Winchester BMR one of a number of Angel Tree sites craving your contribution this season
WINCHESTER — Plenty of paper-plate cards still adorn the angel tree at Winchester BMR — each indicating a child in need of a gift this Christmas season.
Winchester BMR co-owner Ken Boje is in the thick of his annual charitable efforts assisting the North Dundas Christmas Fund’s food hamper and snowsuit campaigns — not to mention Project Warmth and Heat for the Holidays. And the Angel Tree is one of the first visible reminders to patrons of these endeavours as they enter the County Rd. 31 store.
Children’s gifts generated through the Angel Tree effort go into the hampers — aka Christmas baskets — distributed to local families in the lead-up to Dec. 25. Gifts are tailored to the age and sex of each child in the involved families, which is how the Angel Tree works: Pick a card off the tree, buy a gift for the indicated child, then come back and leave it under the tree (you’re not expected to buy the gift at BMR). In the end, the items collected at Boje’s business and other affiliated Angel Tree sites — such as those at local banks and Winchester District Memorial Hospital — are collected and put into the hampers. Volunteers gather at temporary depots in Chesterville, Winchester and South Mountain to assemble the final packages on the evening before distribution.
New this year, Winchester BMR’s Angle Tree display has laminated copies of a takeaway list with gift ideas to make the gift-buying process as simple as possible. “People would kind of come in, and they would ask the staff, ‘What can we get?” Boje recalls of earlier campaigns.
That can be especially true of children in their teenaged years, he points out, a group perceived as being harder to buy for. He adds that Winchester BMR’s Angel Tree includes a better cross-section of all age ranges this year, including the youngest children that are perceived as being easier to buy for. (See the list of suggested Angel Tree gifts further below.)
As of last weekend, 83 out of 89 cards remained on the tree but the boughs on the artificial spruce appeared a little less heavy this weekend (but still plenty to go).
Meanwhile, Boje’s operation continues to be a key clearing house for other facets of the North Dundas Christmas Fund.
In the storeroom out back, dozens of plastic totes are stuffed with snowsuits that will be given away, at cost, as they are gradually funded through donations collected at the store. Some of the suits will go out with the Christmas baskets; others are distributed earlier or later in the winter on an as-needed basis.
The businessman recalls that when he first became involved, organizers were always chasing after snowsuit sales and buying them here and there, where they could, at various retail establishments, all the while hoping they wouldn’t be sold out. Boje persuaded them it made a lot more sense to have him buy all the suits wholesale, in one shot, using his retail connections. Procured by Boje through Giant Tiger’s head office, the suits technically go into Winchester BMR’s inventory (although the store doesn’t actually sell snowsuits) and flow out of that inventory as donations come in. No profit is collected on the suits, and those not funded are stored away and rolled forward into the next year’s campaign.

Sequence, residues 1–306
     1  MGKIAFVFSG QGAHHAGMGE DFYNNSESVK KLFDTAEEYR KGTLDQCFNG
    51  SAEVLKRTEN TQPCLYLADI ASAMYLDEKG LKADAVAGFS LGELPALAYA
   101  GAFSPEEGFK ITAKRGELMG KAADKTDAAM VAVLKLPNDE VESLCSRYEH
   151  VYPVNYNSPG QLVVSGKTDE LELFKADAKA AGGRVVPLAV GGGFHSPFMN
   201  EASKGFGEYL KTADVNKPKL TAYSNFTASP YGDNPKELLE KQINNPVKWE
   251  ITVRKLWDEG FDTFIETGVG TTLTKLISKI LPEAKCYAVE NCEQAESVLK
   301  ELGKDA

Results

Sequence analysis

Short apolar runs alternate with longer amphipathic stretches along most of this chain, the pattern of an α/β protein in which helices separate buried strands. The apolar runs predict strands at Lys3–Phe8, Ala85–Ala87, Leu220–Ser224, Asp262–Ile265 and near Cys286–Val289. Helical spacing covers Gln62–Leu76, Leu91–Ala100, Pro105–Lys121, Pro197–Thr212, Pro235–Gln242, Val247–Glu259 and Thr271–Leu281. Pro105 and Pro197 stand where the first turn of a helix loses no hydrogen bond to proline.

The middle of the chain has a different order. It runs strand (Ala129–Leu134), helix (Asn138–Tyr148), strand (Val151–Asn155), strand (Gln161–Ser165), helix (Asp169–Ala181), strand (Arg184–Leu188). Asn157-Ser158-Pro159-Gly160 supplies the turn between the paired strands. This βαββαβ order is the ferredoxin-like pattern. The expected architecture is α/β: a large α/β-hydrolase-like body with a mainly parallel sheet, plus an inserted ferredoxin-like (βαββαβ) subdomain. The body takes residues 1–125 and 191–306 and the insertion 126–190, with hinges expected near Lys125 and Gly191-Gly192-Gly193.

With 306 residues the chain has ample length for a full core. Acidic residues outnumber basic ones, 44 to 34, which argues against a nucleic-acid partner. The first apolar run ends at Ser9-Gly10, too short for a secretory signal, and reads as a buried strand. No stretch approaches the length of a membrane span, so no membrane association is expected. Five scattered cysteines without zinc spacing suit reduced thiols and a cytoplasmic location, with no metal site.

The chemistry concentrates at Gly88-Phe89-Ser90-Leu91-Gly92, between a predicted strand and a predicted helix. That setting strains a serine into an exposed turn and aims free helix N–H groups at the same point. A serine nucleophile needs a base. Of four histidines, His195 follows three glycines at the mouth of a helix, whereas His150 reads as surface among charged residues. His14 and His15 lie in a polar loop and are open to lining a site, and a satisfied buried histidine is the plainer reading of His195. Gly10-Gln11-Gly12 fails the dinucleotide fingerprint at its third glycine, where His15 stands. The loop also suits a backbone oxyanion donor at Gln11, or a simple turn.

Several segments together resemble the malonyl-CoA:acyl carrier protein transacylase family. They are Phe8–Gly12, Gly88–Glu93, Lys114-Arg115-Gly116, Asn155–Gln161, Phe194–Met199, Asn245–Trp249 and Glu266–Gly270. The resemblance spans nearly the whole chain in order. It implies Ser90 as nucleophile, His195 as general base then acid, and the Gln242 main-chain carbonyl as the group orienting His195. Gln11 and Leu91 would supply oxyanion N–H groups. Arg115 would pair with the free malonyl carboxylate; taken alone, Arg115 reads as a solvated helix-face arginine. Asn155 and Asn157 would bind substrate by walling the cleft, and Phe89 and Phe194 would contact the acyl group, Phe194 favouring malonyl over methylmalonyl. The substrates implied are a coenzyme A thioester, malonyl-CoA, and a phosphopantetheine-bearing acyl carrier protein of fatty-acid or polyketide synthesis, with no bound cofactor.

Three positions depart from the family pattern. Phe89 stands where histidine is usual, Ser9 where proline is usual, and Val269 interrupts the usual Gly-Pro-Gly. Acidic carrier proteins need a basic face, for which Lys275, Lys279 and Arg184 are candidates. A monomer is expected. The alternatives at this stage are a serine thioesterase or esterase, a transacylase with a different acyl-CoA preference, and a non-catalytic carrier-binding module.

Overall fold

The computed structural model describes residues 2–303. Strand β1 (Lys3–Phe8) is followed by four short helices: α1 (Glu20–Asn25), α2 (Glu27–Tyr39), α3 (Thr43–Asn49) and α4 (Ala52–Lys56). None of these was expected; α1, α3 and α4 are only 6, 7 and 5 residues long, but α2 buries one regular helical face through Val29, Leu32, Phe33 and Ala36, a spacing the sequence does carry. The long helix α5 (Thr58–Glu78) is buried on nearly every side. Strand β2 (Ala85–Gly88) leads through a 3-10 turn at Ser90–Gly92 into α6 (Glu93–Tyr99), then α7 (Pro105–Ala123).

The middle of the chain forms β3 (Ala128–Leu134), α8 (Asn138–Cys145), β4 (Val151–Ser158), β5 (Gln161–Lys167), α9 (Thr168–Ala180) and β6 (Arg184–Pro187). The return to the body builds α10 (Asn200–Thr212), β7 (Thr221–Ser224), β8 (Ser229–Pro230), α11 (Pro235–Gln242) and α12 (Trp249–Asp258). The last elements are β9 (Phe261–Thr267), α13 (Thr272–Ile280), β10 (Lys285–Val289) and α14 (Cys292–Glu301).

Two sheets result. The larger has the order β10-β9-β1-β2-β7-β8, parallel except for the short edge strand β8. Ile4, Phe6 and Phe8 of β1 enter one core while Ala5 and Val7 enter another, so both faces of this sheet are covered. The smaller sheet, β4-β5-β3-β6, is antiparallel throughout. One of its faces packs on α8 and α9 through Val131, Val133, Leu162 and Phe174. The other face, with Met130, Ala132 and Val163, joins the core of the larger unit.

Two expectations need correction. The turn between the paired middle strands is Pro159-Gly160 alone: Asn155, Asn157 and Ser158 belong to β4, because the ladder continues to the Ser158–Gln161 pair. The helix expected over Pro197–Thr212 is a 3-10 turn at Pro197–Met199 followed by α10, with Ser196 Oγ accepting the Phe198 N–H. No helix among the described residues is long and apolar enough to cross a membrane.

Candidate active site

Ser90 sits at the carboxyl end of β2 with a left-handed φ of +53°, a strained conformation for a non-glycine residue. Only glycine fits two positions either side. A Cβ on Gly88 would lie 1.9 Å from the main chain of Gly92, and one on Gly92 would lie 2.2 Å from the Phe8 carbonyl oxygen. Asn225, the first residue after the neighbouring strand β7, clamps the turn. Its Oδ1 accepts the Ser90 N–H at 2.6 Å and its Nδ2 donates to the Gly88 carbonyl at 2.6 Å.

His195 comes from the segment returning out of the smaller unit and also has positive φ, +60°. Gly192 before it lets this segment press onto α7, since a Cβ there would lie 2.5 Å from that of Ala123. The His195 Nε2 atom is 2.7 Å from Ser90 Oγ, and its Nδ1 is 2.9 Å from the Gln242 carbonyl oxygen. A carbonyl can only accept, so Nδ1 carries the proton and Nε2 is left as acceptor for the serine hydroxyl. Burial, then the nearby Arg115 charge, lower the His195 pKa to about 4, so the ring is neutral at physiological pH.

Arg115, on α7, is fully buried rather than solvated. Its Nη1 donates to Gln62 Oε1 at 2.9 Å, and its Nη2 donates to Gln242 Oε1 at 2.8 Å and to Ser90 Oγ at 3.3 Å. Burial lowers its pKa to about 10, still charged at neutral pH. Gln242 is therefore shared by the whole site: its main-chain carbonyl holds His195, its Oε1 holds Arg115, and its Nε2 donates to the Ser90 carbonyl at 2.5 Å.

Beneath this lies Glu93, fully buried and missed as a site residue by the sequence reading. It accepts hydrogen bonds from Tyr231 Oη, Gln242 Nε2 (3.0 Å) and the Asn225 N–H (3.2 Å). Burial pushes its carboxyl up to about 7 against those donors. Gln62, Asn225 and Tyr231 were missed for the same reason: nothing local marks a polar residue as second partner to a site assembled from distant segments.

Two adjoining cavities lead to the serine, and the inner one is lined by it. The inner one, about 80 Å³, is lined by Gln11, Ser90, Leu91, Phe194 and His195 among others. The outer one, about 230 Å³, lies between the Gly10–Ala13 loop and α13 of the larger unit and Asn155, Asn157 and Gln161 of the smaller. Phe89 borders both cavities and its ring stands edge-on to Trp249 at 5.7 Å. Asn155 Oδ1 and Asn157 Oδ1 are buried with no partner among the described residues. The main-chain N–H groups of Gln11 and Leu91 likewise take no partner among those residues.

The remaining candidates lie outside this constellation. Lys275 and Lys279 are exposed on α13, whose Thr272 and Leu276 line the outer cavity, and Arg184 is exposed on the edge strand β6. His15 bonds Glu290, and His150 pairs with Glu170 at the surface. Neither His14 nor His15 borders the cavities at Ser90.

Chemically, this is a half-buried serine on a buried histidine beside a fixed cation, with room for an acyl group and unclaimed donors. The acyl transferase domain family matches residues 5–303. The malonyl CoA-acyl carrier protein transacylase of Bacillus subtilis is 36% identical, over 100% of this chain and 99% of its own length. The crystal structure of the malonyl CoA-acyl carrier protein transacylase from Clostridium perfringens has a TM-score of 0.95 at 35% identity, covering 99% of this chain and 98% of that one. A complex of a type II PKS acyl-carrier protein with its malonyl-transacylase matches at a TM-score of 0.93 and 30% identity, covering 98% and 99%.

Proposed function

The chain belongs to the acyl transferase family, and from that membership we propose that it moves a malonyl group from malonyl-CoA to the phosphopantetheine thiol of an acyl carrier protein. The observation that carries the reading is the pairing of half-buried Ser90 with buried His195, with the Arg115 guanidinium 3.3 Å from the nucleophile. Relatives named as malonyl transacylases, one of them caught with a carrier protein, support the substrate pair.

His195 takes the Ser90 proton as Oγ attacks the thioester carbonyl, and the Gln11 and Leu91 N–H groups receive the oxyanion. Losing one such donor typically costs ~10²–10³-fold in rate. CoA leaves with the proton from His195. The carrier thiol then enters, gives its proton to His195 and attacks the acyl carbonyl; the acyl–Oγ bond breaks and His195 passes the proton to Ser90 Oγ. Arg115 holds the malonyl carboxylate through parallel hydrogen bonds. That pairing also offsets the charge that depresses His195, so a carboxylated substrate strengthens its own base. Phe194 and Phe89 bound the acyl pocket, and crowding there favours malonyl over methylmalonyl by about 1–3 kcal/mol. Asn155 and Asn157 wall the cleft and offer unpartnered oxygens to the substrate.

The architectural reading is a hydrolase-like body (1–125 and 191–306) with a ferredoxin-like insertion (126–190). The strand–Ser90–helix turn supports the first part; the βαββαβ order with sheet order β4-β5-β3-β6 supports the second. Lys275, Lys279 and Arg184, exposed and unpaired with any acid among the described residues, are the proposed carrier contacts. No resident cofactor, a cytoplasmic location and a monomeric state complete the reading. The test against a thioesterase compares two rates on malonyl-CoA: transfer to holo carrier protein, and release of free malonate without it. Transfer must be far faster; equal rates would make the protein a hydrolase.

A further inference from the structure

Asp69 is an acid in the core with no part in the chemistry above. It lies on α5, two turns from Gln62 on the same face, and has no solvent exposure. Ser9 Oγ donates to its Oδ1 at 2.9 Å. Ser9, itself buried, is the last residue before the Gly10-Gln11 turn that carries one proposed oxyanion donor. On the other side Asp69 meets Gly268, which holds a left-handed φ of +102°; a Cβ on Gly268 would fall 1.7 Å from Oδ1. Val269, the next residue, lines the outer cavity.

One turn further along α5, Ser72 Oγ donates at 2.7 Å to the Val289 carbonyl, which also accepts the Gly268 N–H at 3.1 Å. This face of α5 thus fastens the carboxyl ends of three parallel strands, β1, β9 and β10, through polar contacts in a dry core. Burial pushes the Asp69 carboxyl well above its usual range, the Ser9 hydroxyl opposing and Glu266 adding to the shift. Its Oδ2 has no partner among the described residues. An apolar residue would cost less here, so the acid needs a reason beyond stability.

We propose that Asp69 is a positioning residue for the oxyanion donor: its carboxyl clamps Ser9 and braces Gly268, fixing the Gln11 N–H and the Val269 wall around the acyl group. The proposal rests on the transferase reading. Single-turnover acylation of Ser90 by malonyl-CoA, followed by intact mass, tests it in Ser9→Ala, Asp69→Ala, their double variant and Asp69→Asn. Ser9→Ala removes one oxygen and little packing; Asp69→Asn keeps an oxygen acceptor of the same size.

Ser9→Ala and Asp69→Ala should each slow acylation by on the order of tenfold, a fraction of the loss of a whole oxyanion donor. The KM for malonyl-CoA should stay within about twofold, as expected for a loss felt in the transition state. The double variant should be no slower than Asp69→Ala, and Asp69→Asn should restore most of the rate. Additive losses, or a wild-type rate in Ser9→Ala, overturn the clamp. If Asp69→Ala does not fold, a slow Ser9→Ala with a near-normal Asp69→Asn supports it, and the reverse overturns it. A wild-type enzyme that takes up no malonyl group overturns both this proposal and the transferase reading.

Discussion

“It doesn’t really cost me, other than some space and some time,” he says, modestly. “And yeah, there’s a little bit of financing to carry the inventory, but on the big picture, it doesn’t really cost us, and it makes a huge difference for the organization.”
“Last year we gave out over 200 suits,” Boje says, explaining he actually stocks about 450 units to ensure a broad enough size selection to choose from in any given year “Because you never know what sizes you’ll need that year.”
“And because I’m buying in big enough volume, it helps us keep our pricing down.”
He credits Craig Packaging in Iroquois for donating the cardboard boxes used for distributing the suits.
Winchester BMR’s charitable clearinghouse approach also serves the community well this time of year as Boje flows at-cost artificial heating logs and window kits into the respective Heat for the Holidays and Project Warmth campaigns.
He says the store also donates directly to support Christmas hampers for four families.
Hoping to broaden the appeal of the North Dundas Christmas Fund even into Ottawa, Boje would like to see more publicity for the organization’s ongoing efforts, noting that some of the supproting service clubs are noticing that donation dollars seem scarcer this year. Also adding to the financial challenge is the withdrawal of a matching-dollar donation program previously offered for years by Scotiabank, he observes.